LISBON (Reuters) - Portugal could go without the final payment of its bailout, the country’s finance minister said on Tuesday, after a constitutional court ruling rejecting a series of austerity measures put the last tranche of the aid package at risk.
“We can and may ponder that possibility, but there are no decisions taken about this yet,” Finance Minister Maria Luis Albuquerque told journalists when asked if Portugal could do without the last tranche, if necessary.
The court on May 30 rejected a series of austerity measures worth around 700 million euros that were agreed with the country’s creditors before its bailout formally expired in May.
The government is now looking for alternative fiscal measures to ensure the country can still meet its budget deficit goals for this year and next.
“We are still considering what to do,” the minister said in comments aired on television from Brussels.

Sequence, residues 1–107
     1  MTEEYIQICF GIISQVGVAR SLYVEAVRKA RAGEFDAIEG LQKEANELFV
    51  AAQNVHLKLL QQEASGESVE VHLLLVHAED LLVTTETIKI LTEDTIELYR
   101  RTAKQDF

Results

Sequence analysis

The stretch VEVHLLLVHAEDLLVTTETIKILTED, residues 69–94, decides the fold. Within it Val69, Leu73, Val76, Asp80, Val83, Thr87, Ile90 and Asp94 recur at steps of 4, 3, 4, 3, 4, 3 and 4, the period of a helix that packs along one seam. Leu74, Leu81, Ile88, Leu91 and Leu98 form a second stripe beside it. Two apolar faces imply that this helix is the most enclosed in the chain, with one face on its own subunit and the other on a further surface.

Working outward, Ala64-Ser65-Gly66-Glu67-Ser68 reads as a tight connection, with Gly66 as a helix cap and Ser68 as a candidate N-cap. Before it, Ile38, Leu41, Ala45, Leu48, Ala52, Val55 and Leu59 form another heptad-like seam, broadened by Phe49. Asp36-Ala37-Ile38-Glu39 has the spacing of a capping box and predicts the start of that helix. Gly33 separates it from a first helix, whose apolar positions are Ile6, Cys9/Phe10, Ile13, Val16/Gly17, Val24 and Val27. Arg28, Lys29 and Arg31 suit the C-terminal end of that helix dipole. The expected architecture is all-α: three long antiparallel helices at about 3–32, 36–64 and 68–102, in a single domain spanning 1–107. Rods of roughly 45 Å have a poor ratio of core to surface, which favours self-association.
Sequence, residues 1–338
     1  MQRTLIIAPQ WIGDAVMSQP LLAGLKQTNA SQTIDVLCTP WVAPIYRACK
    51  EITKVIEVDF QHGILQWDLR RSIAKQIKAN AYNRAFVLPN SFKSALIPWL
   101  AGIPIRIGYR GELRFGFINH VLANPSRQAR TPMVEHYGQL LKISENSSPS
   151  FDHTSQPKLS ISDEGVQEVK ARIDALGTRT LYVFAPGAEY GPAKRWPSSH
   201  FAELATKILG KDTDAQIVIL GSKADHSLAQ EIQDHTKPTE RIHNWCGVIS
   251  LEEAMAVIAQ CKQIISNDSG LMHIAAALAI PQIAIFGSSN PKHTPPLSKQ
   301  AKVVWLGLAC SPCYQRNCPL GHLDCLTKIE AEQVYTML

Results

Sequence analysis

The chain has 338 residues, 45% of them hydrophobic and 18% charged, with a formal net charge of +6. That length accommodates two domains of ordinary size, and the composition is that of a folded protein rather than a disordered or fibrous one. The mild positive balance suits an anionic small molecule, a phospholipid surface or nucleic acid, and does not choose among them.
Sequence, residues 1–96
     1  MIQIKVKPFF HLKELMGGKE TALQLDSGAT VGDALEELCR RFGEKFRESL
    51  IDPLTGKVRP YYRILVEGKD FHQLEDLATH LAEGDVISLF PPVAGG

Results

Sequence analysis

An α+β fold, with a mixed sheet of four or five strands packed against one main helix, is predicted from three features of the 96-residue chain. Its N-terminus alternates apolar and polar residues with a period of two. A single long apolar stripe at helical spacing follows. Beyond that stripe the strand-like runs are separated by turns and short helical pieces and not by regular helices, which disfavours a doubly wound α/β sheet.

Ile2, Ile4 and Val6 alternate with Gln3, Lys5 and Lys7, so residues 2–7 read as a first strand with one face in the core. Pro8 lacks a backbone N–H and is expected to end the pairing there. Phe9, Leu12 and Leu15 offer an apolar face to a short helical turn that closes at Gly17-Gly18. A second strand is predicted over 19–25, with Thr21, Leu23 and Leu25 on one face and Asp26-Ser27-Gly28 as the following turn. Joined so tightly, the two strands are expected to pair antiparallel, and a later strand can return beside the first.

The last payment from the European Union and IMF is worth 2.6 billion euros.
“The last cheque depends on us finding alternative measures, but as I say, no decisions have yet been taken about this,” she said.
Portugal needs to reduce its budget deficit to 4 percent of GDP this year and further to 2.5 percent in 2015 under European Union agreements.
“We are not negotiating anything,” the minister said. “We are considering what can be done in terms of the (bailout) program. But, as we have said, we still don’t know the dimension of the problem in order to find a solution.”
The government has asked the court for clarification on the ruling, which rejected plans to cut civil servant wages - a key element of the bailout.
Reporting by Daniel Alvarenga; Writing by Axel Bugge; Editing by Sonya Hepinstall